This signal CHS represents a corrected hole image having a diameter obtained by slightly enlarging the diameter of the through-hole 25. The corrected hole signal CHS is generated in connection with detection of the inner wall of the through-hole 25. Namely, the inner wall of the through-holes 25 are plated with metal. However, the inner wall is sometimes detected neither in the pattern signal PS nor in the hole signal HS. Hence, the hole signal HS is enlarged or corrected to close or compensate for the gap caused between the signals PS and HS due to such an undetected portion. The corrected hole signal CHS includes a signal CHSt corresponding to the normal through-hole 25t and a signal CHSm corresponding to the mini-via-hole 25m.
This signal SHS represents an image obtained by further enlarging the hole diameter represented by the corrected hole signal CHS. The enlarged hole signal SHS includes an enlarged normal through-hole signal SHSt and an enlarged mini-via-hole signal SHSm.
This is a signal in which a blank portion (or the center portion of FIG. 5(a)) corresponding to the through hole 25 in the pattern signal PS is filled in with a logical level "H". The signal CPS is the logical summation of the Corrected hole signal CHS and the pattern signal PS see FIG. 6C). The signal CPS is also referred to as a "corrected pattern signal" hereinafter.
These signals are used for various purposes. Shown in FIG. 6A are some of the signals outputted from the pre-processor 500 which are necessary for the following description.
The inspection circuit unit 400a shown in FIG. 6A comprises the following two types of inspection circuits for pattern inspection:
This circuit 420 is adapted to determine whether the printed board 20 is defective or nondefective by extracting characteristics such as line widths, pattern angles and continuity from the pattern on the printed board 20, and by determining whether or not these characteristics are out of the design values. Such DRC method or a characteristic extraction method is disclosed in Japanese Patent Laying-Open Gazette No. 57-149905 (1982).
This circuit 430 is adapted to compare image signals obtained from a previously prepared reference printed board with the image signals obtained from the printed board 20 to be inspected, and to specify the defective portions. The reference printed board is of the same type as the printed board 20 to be inspected and is previously determined as nondefective. This comparative method is disclosed in Japanese Patent Laying-Open Gazette No. 60-263807 (1985).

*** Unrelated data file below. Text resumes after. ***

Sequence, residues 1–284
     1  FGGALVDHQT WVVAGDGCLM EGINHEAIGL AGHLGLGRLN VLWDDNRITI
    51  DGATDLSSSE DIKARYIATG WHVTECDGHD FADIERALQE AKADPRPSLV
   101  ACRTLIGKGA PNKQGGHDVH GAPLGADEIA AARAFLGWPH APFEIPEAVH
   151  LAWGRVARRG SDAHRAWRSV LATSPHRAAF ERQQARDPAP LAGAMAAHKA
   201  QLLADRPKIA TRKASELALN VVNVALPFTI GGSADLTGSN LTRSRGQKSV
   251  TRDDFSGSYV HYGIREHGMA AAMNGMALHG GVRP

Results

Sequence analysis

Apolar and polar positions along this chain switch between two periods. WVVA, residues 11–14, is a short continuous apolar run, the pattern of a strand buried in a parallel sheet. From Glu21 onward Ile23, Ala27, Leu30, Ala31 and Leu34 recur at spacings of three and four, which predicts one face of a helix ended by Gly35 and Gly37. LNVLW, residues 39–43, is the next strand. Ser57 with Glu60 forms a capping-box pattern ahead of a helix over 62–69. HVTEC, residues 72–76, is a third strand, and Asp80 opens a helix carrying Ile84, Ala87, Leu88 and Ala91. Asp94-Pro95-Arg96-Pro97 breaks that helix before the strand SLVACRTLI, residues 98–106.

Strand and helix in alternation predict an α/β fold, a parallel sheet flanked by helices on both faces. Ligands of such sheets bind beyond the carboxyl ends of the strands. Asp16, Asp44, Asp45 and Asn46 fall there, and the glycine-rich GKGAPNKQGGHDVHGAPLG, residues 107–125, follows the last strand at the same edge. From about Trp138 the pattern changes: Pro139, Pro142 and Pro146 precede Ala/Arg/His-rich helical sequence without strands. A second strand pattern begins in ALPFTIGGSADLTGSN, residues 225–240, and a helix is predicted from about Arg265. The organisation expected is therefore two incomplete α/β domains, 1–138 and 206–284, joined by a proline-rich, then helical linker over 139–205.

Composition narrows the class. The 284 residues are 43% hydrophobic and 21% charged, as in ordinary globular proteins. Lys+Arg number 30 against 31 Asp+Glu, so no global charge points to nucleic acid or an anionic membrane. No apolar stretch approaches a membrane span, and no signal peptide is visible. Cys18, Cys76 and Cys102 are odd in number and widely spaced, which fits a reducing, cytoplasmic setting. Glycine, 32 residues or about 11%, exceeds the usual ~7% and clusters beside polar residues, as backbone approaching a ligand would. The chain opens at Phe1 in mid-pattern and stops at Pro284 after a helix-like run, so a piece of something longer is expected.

Since the device of the preferred embodiment requires information as to the reference printed board, the reference printed board is placed on the table 13 and its image is read before image reading is performed on the printed board 20 to be inspected. The signal CPS produced in the pre-processing circuit 500 in reading the reference printed board is supplied to and stored in an image memory 410. Address generation timing control for this image memory 410 and a region memory 630 (FIG. 6D), which is described later, is performed by the synchronization control circuit 314 shown in FIG. 4.
From the signals obtained in the pre-processing circuit 500 (FIG. 6A), the compensated pattern signal CPS is supplied also to an enlarged edge image generating circuit 600. As shown in FIG. 6D, the circuit 600 comprises an edge extraction circuit 610, an edge enlarging circuit 620 and the region memory 630.
In connection with the operation of this circuit 600, FIG. 7A shows an exemplary print pattern on the reference printed board in the form of a partial plan view. This print pattern 550 has relatively narrow wiring patterns 552 and 553, in addition to a shielding portion or a copper solid portion 551. Through-holes 555 are formed in lands 554. The corrected pattern signal CPS obtained by reading such a pattern is supplied to a flip-flop circuit 611 (FIG. 10) provided in the edge extraction circuit 610, and is delayed in flip flop circuit 611 by a time period corresponding to one pixel, to become a signal CPSa. The signals CPS an CPSa are then supplied to an exclusive OR (Ex. OR) gate 612. FIG. 8A is an enlarged view of portion 560 of FIG. 7A. Regions expressed in solid and broken lines in FIG. 8A correspond to the respective image regions represented by the signals CPS and CPSa which are supplied to the Ex. OR gate 612 at the same point in time. "MAIN SCANNING" and "SUBSCANNING" indicate image scanning operations in FIG. 1A along the (±X) direction and the (±Y) direction in FIG. 1A respectively, and whether the directions are of "+" or "-" depends on the pixel reading directions of the CCD linear image sensors 161 and 162 and the direction of movement of the table 13. Oblique line portions in FIG. 8A represent deviation areas between the images expressed by the signals CPS and CPSa. An output signal ESa of the Ex. OR gate 612 expresses the deviation areas.